I didn’t think the situation was funny. As someone who worked with inner city children in my capacity as a social worker, I was quite saddened by the  board’s lack of care and concern for the children of KCSD. I felt pity for the other adults as well. The teachers, parents and other administrators are either ignorant, or afraid to publicly acknowledge (for whatever reason) that there are some things in print that are not age appropriate. They refused to stand up and protect the kids, who may run the risk of either being harmed or harming others because of the information in Nineteen Minutes. The book detailed dangerous actions that the characters take out of desperation. How can one not see that this book needs to only be available  with adult care and guidance? Any other decision is irresponsible, and does not place the children’s well being front and center. Very sad.

     

    Her words make complete sense. However, the people running the KCSD got their way. I hope they’re happy.

     


  • Saving Nineteen Minutes (Part One)

    This series of posts will detail  various events which happened to my friends in their futile attempt to be involved in their children’s education. The events began approximately two years ago. The futility stems from the Kennett Consolidated  School District‘s strict rules and regulations concerning parental input and involvement. Please note that my friends are upstanding members of the community. They are also taxpayers. I’ll repeat  that. They are taxpayers. Taxpayers who pay property taxes, which, in turn, fund the school and enable the staff to collect their various salaries.

    But, for reasons that are unclear at this time, the people in charge of the KCSD seem unable to understand or process this reasonably easy concept. Even though the taxpayers and parents pay their salaries, they habitually treat parents who question them as if the parents are “subjects” who are out of line for daring to raise concerns. These concerns vary. From a request that first graders at Bancroft Elementary School be allowed a midmorning snack, (NO. We’re on a tight schedule. If you want your child to have a break you need to apply for permission and he must sit alone to eat), to questions about Common Core Curriculum, (It’s good. We say so. Deal with it), to the final nail in the parental input coffin, the novel Nineteen Minutes(It’s good, too. We say so. If you’re worried that kids without great home support structures might need help dealing with the content, too bad for you. We don’t care if you have a master’s degree in social work. You know nothing. This book is wonderful material, and teachers love to use it in classroom settings).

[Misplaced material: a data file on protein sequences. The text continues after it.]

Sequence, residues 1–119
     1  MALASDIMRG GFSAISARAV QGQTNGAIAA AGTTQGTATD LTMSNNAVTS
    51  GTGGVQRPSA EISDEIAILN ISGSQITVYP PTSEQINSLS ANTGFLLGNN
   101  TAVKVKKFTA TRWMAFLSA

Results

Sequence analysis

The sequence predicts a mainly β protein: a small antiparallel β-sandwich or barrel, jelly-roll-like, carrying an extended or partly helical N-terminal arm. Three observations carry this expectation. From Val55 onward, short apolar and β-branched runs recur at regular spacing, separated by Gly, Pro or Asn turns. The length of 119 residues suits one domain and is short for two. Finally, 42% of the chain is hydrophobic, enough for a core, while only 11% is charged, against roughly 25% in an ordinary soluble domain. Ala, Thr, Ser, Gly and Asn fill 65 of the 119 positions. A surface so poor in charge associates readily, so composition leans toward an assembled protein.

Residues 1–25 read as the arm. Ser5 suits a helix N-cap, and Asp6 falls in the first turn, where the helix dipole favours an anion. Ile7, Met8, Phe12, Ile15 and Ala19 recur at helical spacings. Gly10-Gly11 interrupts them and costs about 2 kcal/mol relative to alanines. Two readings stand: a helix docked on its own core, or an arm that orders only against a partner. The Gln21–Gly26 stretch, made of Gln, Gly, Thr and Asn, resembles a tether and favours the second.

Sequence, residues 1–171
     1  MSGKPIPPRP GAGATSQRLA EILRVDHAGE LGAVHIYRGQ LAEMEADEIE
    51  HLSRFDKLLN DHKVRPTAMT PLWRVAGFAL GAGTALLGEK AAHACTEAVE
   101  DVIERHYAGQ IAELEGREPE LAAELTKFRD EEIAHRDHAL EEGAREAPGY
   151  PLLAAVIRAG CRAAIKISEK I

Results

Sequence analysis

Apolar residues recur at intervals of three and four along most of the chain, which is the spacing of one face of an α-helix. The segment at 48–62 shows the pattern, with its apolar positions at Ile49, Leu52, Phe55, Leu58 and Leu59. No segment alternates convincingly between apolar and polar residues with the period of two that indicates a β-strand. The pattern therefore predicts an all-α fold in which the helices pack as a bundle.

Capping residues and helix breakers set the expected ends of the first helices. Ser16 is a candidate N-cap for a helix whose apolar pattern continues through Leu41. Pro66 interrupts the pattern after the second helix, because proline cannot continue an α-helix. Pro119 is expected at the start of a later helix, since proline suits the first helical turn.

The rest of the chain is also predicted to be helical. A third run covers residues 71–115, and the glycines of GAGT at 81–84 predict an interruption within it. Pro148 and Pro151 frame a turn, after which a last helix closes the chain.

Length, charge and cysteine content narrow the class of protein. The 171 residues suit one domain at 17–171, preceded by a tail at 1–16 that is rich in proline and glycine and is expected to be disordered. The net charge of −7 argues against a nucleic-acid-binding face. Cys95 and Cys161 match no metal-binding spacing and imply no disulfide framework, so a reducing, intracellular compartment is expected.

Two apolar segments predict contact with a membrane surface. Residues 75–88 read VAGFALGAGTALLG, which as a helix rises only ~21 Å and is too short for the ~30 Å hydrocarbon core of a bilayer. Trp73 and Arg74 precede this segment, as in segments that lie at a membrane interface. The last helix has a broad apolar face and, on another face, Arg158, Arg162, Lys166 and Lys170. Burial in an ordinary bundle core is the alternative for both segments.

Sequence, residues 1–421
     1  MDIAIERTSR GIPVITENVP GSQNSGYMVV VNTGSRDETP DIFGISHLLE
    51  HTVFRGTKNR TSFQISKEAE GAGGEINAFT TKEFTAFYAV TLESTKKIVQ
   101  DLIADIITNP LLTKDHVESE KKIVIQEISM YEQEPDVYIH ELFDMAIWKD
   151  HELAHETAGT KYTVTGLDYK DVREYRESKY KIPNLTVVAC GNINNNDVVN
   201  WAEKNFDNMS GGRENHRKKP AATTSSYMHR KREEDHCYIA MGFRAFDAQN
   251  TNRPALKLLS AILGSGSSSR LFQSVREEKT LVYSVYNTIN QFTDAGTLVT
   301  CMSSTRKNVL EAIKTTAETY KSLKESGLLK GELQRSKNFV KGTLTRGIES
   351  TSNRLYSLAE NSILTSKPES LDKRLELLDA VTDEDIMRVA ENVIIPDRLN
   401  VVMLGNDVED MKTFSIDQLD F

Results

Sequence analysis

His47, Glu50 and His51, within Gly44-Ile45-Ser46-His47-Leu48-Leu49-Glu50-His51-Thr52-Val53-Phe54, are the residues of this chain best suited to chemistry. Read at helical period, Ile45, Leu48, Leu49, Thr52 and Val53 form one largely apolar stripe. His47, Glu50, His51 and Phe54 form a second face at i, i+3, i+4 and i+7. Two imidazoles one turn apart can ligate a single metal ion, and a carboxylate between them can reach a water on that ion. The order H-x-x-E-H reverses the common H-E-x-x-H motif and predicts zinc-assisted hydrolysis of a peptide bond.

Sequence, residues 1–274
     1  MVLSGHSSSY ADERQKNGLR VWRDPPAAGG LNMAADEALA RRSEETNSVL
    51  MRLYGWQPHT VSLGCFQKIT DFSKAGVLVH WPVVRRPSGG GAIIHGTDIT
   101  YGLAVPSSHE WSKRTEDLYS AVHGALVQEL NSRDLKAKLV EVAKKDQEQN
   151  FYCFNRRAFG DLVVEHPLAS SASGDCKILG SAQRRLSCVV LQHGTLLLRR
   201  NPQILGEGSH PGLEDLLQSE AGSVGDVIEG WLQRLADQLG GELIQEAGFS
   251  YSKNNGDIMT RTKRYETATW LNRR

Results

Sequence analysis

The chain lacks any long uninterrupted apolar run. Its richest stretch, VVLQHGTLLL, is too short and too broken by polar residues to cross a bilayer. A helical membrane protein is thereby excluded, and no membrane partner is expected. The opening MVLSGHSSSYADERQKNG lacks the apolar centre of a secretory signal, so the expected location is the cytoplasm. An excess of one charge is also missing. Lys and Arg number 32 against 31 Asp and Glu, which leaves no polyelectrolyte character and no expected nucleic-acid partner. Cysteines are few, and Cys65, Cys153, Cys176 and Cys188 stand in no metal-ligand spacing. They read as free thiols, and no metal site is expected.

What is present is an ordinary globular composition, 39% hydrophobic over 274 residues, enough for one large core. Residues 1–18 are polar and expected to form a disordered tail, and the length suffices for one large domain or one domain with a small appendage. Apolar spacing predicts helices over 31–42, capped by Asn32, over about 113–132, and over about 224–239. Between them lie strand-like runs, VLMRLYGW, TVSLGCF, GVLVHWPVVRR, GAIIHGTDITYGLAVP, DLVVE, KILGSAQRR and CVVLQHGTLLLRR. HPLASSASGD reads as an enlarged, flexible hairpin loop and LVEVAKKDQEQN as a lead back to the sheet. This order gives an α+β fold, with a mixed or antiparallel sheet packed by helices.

Before I go on, you can read my review of the book in question here. Please note that this book contained many other disturbing scenarios and questionable ethical issues.

    My friend, (the woman with a master’s degree in social work from Temple University), was concerned about kids as young as thirteen reading this book. She represented a large contingent of other concerned parents when she asked for the book to be placed in the guidance counselor’s office so that younger kids could be cautioned about what they might read before going home and digging into this novel.

    I believe it’s customary for schools to restrict certain content. Computers, for example. I’m reasonably sure that some content on the internet can be blocked by schools if they deem it inappropriate for kids. Placing this book in a counselors office and perhaps allowing a student’s parents to be aware that their child is reading it doesn’t seem such a bad idea in my opinion. In fact it seems to be a reasonable compromise.

    However, certain teachers, students, parents and other community members felt differently. They didn’t seem to understand the concept of “age restriction.” For some strange reason only they understand, they decided that placing a book in a guidance counselor’s office was equivalent to “banning” the book. This ugly story ended with my dear friend being publicly humiliated at a school board meeting. One of the school board members even jumped on the “we read banned books” bandwagon, and insinuated that concerned parents are Nazis. The article itself makes no mention of the fact that a “ban” was not asked for. (More on this omission in upcoming posts).

    The “saving Nineteen Minutes” contingent of school employees, students and parents took pleasure in my friend’s distress. They clapped and cheered as she was deemed a Nazi. Some of these people are fellow parishioners at church.

    Please note this fact: The book Nineteen Minutes is supposed to make readers think about others. It’s marketed as an anti-bullying book. If this is the intent of the book, it’s not doing what it’s supposed to do. The advocates of Nineteen Minutes misrepresented a good person.  They humiliated her in public by insinuating she’s a Nazi, and wrote unkind comments on newspapers and Facebook posts. Let that sink in.

    Following is part of the KCSD Mission statement.

     

    The Mission of the Kennett Consolidated School District is to provide a quality education that increases the achievement of every student in order for all to become successful and thoughtful contributors to society.”
    – Mission Statement

     

    It’s ironic. I will go into more detail in further posts.